If you want to reuse code, you can use a function.

This prevents you from writing the same thing over and over again.

A function has a unique distinct name in the program. Once you call a function it will execute one or more lines of codes, which we will call a code block.

Related Course: Complete Python Programming Course & Exercises

What are Functions?

A function is code. You can use functions to divide your program in “blocks of code”. This makes your code more readable and your life easier. You have likely already used one or more functions, such as the print function:

print("Hello world")

A function can be called more than once:


Python Function

The syntax for making a Python function is:

def <function_name>([<parameters>]):

The meaning is:

  • def tells Python you want to create a function

  • function_name is the identifier, it must be unique

  • parameters optional list of parameters that can be passed in the function

  • : end of function header

  • <statement(s) lines of code. This is called the function body. It must have four space indention.

It’s possible to create both simple and complex functions.
Start with a small example, we define a function f() and call it:

def f():
print('function body')

# Call function

A function can be called as many times as you want, so this is possible:


A function body can have many lines of code:

def hello():
print("Dear Java")
print("Hows that JRE coming along?")
print("Your sincerly,")


python function

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Function parameters

Functions can take arguments. They are positional, the order should remain the same.

The example below takes a single argument:

def hello(name):
print("Good'day " + name)


To take multiple arguments, add a comma between each of them.

def f(name,salary):
print(f"{name} has ${salary}")

Then you can call it like this:


The function parameters in the function call must remain in the same order as the definition.
If you have this function:

def f(a,b,c):

Then you must call the function as f(a,b,c) not f(a,c,b) or f(c,b,a).
They must be the same number of parameters. So not f(a,b) or f(a,b,c,d).

The pass statement is an empty function body.

Default parameters

You can set a default parameter. This is set when you don’t define any argument.

>>> f(6)
>>> f(7)
>>> # prints default value
>>> f()

If you have multiple parameters, the same idea is true:

>>> def f(x=5,y=4):
... print(f"{x} {y}")
>>> f()
5 4
>>> f(3)
3 4
>>> f(10,10)
10 10

Function scope

Variables you create in the function body only exist within it.

If you create a function with a variable inside it:

>>> def f():
... x = 5

Then that variable can only be accessed within the function body.

If you try to access it outside the function body, it will throw an error:

>>> print(x)
Traceback (most recent call last):
File "<stdin>", line 1, in <module>
NameError: name 'x' is not defined

So function variables live inside the function body.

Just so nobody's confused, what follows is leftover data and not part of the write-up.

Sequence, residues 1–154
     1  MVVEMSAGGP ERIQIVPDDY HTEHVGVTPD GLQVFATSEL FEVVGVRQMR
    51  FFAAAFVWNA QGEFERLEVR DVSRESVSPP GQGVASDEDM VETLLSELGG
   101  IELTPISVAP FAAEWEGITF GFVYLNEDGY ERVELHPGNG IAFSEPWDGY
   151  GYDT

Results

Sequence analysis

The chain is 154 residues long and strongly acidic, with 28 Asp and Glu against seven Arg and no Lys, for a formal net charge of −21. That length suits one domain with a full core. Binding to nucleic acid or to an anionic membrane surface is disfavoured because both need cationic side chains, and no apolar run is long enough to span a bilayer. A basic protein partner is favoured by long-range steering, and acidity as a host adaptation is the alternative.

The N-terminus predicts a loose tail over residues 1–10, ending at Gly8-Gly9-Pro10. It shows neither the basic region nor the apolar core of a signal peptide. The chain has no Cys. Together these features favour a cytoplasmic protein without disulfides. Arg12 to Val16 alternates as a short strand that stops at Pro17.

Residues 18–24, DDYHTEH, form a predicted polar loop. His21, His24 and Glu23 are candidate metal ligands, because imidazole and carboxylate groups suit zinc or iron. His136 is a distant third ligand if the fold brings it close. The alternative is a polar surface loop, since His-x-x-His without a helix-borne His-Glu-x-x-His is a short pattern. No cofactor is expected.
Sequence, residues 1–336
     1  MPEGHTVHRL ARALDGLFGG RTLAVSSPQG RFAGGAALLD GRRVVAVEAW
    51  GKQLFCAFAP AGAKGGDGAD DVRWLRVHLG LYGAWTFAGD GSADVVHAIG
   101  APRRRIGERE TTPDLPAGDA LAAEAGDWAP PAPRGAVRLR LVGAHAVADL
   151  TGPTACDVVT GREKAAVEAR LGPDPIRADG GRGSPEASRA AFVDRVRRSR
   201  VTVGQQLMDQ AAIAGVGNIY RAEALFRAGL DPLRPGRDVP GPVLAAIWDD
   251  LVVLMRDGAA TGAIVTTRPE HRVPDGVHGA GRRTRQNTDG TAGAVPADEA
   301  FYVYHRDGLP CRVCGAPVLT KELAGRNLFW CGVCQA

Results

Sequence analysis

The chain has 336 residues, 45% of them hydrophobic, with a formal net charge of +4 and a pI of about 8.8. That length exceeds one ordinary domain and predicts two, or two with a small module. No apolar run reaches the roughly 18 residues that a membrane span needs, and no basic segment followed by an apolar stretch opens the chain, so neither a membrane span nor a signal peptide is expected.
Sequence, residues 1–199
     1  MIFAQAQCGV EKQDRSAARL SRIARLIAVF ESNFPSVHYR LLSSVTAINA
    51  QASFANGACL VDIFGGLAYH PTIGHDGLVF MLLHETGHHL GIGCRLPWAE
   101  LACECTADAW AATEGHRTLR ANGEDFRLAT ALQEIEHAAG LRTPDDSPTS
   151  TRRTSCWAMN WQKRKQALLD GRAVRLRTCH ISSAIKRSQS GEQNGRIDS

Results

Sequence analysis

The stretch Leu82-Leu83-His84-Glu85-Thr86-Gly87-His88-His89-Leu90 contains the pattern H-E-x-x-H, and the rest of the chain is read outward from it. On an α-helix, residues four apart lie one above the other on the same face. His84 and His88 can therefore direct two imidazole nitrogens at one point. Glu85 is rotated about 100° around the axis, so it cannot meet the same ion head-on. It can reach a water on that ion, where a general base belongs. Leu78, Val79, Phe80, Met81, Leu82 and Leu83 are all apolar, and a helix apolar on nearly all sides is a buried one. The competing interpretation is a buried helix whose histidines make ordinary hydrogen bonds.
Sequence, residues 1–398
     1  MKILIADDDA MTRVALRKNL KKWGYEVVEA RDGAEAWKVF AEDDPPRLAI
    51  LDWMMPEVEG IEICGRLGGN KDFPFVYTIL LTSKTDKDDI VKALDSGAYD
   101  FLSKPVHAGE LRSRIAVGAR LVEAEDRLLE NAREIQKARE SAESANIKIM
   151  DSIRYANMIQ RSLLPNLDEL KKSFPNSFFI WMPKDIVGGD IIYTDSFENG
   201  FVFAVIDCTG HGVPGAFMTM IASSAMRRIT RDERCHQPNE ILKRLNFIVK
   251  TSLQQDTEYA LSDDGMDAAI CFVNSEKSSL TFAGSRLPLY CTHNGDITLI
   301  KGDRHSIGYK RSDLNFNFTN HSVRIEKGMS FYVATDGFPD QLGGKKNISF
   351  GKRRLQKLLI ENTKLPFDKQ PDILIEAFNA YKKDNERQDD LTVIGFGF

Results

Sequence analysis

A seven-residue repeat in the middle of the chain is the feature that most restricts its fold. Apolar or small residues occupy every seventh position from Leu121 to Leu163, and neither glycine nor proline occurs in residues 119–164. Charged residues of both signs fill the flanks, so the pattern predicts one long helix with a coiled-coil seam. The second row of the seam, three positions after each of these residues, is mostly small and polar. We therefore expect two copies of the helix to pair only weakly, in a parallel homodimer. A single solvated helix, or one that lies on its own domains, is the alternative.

If you want to use the function variable in your program, you must use return.

Return value

It is also possible to store the output of a function in a variable. To do so, we use the keyword return.

The function sum(a,b) returns the output.

>>> def sum(a,b):
... x = a + b
... return x
>>> cost = sum(100,60)
>>> print(cost)

Without the return statement, variable x would only exist within the function body. The variable name need not be the same, in this case we store the output as variable cost.

python function return variable

A function can return more than one variable:

>>> def f(a,b,c):
... return a,b,c
>>> x,y,z = f(1,2,3)
>>> x
>>> y
>>> z

Variable-Length Argument Lists

By default, Python functions take a fixed number of arguments. That is fine for most functions, but sometimes you want the number of arguments to be of variable length.

# takes 2 arguments
def f(a,b):

# takes 3 arguments
def f(a,b,c):

# takes 4 arguments
def f(a,b,c,d):

So you must call the function with the same number of arguments.
What if you want a variable-length?

Then you can use a list:

>>> def f(x):
... for item in x:
... print(item)

This gives you the freedom to call it with any “number of parameters”:

>>> f([1])
>>> f([1,2])
>>> f([1,2,3])
>>> f([1,2,3,4])
>>> f([1,2,3,4,5])


You can add documentation to your function. The first string after the function header is the documentation string. You can output it with the __doc__ attribute.

This way you can request what a function does:

>>> print(print.__doc__)
>>> print(dir.__doc__)

If you want to create your own docstring you can do this:

>>> def hello():
... """This function prints hello world"""
... print("hello world")

Then output it like this:

>>> print(hello.__doc__)
This function prints hello world

A docstring is optional.

Documentating code is a good practice in general. If you have large complex programs, you should add documentation at all time.

The main() function

In some Python scripts, a main function is defined. Something like this:

def main():
print("Hello World!")

if __name__ == "__main__":

The main function is optional, your programs will run without it.

The program starts in the main() function. This is common in other programming languages (C, C++).

The line if __name__ == "__main__": is True if the program starts, so main() is called.

This main function is common in Python files that are executed as a script and imported in another module.


In this tutorial you learned:

  • What Python functions are
  • How to define Python functions
  • Calling Python functions
  • All about function arguments

If you are a Python beginner, then I highly recommend this book.

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